Concerns over Gauteng’s plan to take over adoption service


By Daniel Steyn for GroundUp

The Department of Social Development in Gauteng has plans to take over adoption services from non-profit organizations (NGOs). This is despite a judgment in 2022 in the High Court that the department’s social workers acted “illegally” and that the national guidelines for adoption are unconstitutional. The department appealed against this ruling.

In a memorandum sent to child protection organizations in Gauteng in April, the department said that it would no longer pay salaries for social workers at NWOs who handle adoptions.

“Dedicated (child protection organisations) charge a fee and can therefore financially and sustainably support the adoption service and continue with it,” the department said.

According to the letter, the department has 58 social workers who provide adoption services and is therefore “in a position to provide adoption services free of charge”.

In response to GroundUp’s questions, Themba Gadeba, spokesperson for the department, argued that “some organizations sell children for an arm and a leg to international couples or individuals”.

Gadeba said the state would provide this service free of charge “to make sure that children are not sold and that the service is not commercialized” and to “prevent human trafficking”.

A director of a child protection and adoption organization in Gauteng, who spoke to GroundUp anonymously for fear of repercussions, said fears about organizations’ “commercialization” of adoption services are being magnified.

Adoption services are governed by the Children’s Act, which provides for the government and NGOs to provide the services.

The Children’s Act makes concessions that fees may be charged for adoption services. The fees are strictly regulated, the director explained. For international adoptions, for example, an organization may not charge more than R35 000. This limit has been in place since 2012 and has never increased, despite the inflationary increases in the costs that the organization has to incur.

Fees are used for salaries and administrative fees and because the services are provided by NWOs, any surplus fees are plowed back into the organisation.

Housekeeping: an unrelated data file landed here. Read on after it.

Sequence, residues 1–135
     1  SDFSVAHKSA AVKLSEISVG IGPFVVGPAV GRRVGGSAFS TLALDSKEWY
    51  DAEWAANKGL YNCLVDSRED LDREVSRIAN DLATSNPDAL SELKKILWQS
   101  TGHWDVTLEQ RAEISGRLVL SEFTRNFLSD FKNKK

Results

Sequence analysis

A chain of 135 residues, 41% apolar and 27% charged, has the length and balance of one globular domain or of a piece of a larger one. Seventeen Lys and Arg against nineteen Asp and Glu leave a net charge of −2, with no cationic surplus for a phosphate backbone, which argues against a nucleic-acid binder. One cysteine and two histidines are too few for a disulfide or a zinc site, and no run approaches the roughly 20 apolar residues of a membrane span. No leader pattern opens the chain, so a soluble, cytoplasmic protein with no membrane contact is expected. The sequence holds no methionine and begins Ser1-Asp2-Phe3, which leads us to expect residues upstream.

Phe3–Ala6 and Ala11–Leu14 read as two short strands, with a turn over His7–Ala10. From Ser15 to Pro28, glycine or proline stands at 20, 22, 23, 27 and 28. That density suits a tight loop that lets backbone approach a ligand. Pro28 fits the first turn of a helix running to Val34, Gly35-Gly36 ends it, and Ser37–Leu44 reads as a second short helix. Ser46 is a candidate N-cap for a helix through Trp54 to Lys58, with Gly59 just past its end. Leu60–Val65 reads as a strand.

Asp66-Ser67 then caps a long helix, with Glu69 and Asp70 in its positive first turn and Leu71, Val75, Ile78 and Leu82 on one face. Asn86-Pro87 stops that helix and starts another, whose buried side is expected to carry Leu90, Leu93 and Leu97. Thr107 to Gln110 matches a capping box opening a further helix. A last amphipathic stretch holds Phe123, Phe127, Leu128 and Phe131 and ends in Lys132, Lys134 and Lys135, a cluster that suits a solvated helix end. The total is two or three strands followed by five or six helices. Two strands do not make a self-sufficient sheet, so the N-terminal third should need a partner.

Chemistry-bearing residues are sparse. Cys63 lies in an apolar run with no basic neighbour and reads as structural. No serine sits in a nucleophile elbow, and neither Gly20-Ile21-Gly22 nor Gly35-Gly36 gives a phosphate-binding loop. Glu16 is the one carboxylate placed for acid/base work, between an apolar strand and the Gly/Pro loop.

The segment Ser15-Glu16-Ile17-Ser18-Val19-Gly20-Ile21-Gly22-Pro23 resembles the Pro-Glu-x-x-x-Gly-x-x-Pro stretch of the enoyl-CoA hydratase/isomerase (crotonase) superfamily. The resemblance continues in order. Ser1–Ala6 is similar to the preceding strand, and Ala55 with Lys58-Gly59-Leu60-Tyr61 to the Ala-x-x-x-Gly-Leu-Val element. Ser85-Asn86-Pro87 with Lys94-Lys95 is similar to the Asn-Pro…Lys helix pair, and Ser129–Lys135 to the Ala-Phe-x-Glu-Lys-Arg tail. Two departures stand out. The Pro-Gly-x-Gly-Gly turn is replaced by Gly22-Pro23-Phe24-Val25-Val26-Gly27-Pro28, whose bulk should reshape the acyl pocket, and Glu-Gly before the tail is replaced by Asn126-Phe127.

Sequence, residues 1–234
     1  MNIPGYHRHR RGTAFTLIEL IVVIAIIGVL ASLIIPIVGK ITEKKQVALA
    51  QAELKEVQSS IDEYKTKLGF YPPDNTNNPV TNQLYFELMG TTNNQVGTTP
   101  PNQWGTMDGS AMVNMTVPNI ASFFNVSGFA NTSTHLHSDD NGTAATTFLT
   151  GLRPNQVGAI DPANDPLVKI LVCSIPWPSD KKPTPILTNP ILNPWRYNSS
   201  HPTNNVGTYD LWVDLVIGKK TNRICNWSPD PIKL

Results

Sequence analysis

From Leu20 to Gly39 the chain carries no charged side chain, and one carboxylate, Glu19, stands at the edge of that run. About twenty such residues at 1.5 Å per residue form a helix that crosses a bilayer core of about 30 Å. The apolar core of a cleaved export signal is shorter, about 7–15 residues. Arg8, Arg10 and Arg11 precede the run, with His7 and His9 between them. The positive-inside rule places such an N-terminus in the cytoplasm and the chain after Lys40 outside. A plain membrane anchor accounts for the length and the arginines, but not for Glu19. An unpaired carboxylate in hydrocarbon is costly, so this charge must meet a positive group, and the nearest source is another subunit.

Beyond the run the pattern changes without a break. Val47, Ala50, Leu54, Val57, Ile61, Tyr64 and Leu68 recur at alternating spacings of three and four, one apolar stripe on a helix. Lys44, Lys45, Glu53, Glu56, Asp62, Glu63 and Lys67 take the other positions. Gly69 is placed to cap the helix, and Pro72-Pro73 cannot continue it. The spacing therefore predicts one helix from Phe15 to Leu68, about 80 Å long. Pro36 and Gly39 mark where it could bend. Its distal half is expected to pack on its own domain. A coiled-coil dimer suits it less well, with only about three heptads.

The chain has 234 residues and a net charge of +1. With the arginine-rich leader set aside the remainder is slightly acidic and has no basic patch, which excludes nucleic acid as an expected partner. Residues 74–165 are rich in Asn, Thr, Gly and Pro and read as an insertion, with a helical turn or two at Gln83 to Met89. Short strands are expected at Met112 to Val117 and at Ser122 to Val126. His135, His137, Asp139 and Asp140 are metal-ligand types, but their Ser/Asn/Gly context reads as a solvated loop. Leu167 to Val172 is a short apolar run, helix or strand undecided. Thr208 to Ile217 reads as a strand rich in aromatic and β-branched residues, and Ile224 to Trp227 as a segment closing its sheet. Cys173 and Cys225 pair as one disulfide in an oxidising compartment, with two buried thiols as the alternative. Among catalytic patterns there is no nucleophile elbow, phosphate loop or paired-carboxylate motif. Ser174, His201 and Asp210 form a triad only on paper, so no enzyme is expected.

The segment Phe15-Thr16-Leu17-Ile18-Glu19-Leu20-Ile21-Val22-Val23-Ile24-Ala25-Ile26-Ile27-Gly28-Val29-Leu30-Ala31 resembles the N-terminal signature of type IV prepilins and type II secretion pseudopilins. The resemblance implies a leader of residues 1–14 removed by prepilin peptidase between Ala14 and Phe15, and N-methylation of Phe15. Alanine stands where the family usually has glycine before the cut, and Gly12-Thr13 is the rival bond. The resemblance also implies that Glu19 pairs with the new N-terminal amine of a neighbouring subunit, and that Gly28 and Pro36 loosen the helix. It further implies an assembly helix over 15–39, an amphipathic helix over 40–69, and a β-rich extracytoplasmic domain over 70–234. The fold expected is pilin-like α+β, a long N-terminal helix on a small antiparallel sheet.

The source said some of the legal work in the adoption process is extremely specialized. This therefore raises questions about the department’s ability to deliver an efficient adoption service that meets legal requirements.

Gadebe, the department’s spokesperson, told GroundUp that the department has a mandate through the Children’s Act to provide adoption services and “qualifies itself” to take over the service.

Court ruling against the department

The Gauteng High Court ruled in 2022 that the national adoption guidelines, which were introduced in Gauteng and several other provinces, were “unconstitutional”. The case was brought by two single women who were represented by the women’s legal service. They argued that the Gauteng Department of Social Development had harassed and treated them unfairly.

The national and provincial departments of social development have since filed an appeal against the verdict. It has yet to be heard.

The two women said the department’s social workers harassed and bullied them. The social workers reportedly refused to process their adoptions due to “cultural reasons” and reportedly threatened to notify the women’s parents of their pregnancies, even though they requested that the information be kept confidential.

In one case, social workers questioned a woman about her plans for adoption and they launched an investigation and effectively prevented the adoption.

Even after the woman approached the children’s court, which ordered the department to issue the required documents to finalize the adoption, the department refused.

Judge Fiona Dippenaar found that the guidelines “extend beyond what legislation allows and that they are in significant ways inconsistent with the Constitution and the Act”.

The judge said voluntary consent to adoption by the biological parents was all that was required. There is no prescription for any “investigation” or that family members must be notified or give consent if the mother is over 18 years of age.

Judge Dippenaar said the department had “developed a behavioral pattern” that had an impact on the adoption of vulnerable children. She ordered that the behavior of the social workers be brought to the attention of the South African Council for Social Service Workers.

GroundUp learns little has changed since the court case. The social workers were never referred to the council and adoption services in Gauteng are still under the same management as when the court case took place.

  • This post was originally posted on GroundUp and is used with permission.